Last updated on June 10th, 2021
Last Updated on June 10, 2021 by Steven Meurrens
Section 115 of Canada’s Immigration and Refugee Protection Act provides that Canada shall not deport a protected person or a refugee to a country where they would be at risk of persecution of reasons of race, religion, nationality, membership in a particular social group or political opinion or at risk of torture or cruel and unusual treatment or punishment.
There are exceptions, however, for people who are:
- inadmissible to Canada for serious criminality and the government believes that the person is a danger to the public in Canada; or
- inadmissible to Canada on grounds of security, violating human or international rights or organized criminality and the government believes that the person should not be allowed to remain in Canada on the basis of the nature and severity of the acts committed or of danger to the security of Canada.
Determining Whether to Issue a Danger Opinion
In considering whether to issue a Danger Opinion for criminality, officers will go beyond looking at just the conviction and the sentence, and will also analyze a person’s past and current offences and activities to determine whether a person is a danger to the public.
The following are some of the factors that are considered:
- criminal history and established patterns of violent criminal behaviour or threats of violent behaviour that suggest present and future danger to the public, and evidence to support the person’s pattern of behaviour;
- convictions for serious offences involving but not limited to violence, weapons, drug trafficking, human smuggling and trafficking, sexual offences and economic crimes;
- documents illustrating an escalation of violence or of gravity in the convictions;
- convictions for actions by the person that caused or might reasonably be expected to have caused death, serious physical or psychological harm or significant property damage;
- evidence to substantiate the link between the criminal conviction, the likelihood that the person will re-offend and a pattern of increasingly serious criminal activity;
- police, correctional services or other credible source information indicating that the person continues to pose a danger to the public;
- the circumstances of the offence(s) in order to provide insight into the level of risk the person may present to the public
- evidence of rehabilitation on the part of the individual (education or training certificates, psychological reports, reports from the parole officer, evidence of employment, etc.);
- multiple convictions, including serious offences, that could form the basis for a danger opinion. It should be noted that a single conviction may sustain a finding of danger to the public if it is clearly demonstrated that the person poses a present or future risk of danger to the public, as evidenced by the nature and circumstances of the offence.
As the Federal Court noted in Baladie v. Canada, 2018 FC 706, officers are not restricted considering criminal activity related to violent criminal offences. Instead, they can determine whether someone has become or was becoming a law-abiding and productive member of society.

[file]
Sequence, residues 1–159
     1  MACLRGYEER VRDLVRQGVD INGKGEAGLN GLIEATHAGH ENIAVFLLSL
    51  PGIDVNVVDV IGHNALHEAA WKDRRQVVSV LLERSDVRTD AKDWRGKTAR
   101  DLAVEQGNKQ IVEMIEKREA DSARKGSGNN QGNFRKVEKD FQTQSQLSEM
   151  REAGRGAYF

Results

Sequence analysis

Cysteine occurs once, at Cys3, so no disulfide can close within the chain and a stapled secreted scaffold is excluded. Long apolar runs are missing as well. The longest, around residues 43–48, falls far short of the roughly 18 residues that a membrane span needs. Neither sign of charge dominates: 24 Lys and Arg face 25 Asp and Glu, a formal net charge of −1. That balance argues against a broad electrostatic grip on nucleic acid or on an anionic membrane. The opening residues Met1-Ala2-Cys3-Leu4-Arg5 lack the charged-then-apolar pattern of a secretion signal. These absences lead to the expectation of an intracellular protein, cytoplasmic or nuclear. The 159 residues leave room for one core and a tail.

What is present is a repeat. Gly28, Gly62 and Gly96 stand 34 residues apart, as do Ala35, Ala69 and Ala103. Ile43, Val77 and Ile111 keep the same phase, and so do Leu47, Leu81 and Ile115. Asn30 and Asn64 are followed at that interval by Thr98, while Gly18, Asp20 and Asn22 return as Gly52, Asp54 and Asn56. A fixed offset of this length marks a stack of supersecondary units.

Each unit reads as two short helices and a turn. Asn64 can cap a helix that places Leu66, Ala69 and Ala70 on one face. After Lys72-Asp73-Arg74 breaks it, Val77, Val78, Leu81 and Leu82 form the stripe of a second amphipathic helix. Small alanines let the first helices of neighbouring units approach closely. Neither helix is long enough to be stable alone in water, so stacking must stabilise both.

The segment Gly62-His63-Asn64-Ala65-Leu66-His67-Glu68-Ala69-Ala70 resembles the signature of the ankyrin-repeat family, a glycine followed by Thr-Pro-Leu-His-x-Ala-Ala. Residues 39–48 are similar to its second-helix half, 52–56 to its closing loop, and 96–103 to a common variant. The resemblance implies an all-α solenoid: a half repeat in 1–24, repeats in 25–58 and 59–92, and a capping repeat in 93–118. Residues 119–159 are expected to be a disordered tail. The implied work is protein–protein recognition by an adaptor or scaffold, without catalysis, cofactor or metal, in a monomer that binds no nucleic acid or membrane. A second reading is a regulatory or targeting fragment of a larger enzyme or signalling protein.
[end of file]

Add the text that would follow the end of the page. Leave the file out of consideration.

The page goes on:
That being said, the analysis must be forward looking. As the Federal Court found in JBL v. Canada (Citizenship and Immigration), 2021 FC 487, it would be unreasonable, for example, for a danger opinion to be used to further punish someone for past offences.
For Danger Opinions involving national security, officers will examine the seriousness and nature of the person’s actions or the actions of the organization of which the person was a member. They will also consider whether there are reasonable grounds to believe the individual will continue to engage in nefarious activities in the future. Some of the relevant factors include the:
- acts committed by the individual or the group, if applicable;
- activities undertaken by the person in the furtherance of the group’s objectives;
- level of involvement of the person in the acts committed by the organization; and
- level of threat either direct or indirect that the person presents to the security of Canada.
If a Danger Opinion is refused the Canada Border Services Agency will only consider a reconsideration request if new evidence is submitted that meets all of the following criteria:
- Reliability – the evidence must be reliable, considering its source and the circumstances in which it came into existence.
- Relevance – the evidence must be relevant to the decision type, in the sense that it is capable of proving or disproving a fact that is relevant to the proceeding.
- Material – the evidence must be material, in the sense that the decision maker may have come to a different conclusion if it had been known.
- Newness: The evidence must be capable of proving the current state of affairs in the country of removal, proving a fact that was unknown at the time of the original decision, or contradicting a finding of fact made by the original decision maker?
Reconsideration requests can also occur where it was discovered that there was a breach of procedural fairness.
The following is a sample letter that the Canada Border Services Agency will send to an individual to ask them to provide submissions as to why a Danger Opinion should not be issued.ENF 28 Ministerial opinions on danger to the public, nature and severity of the acts committed and danger to the security of Canada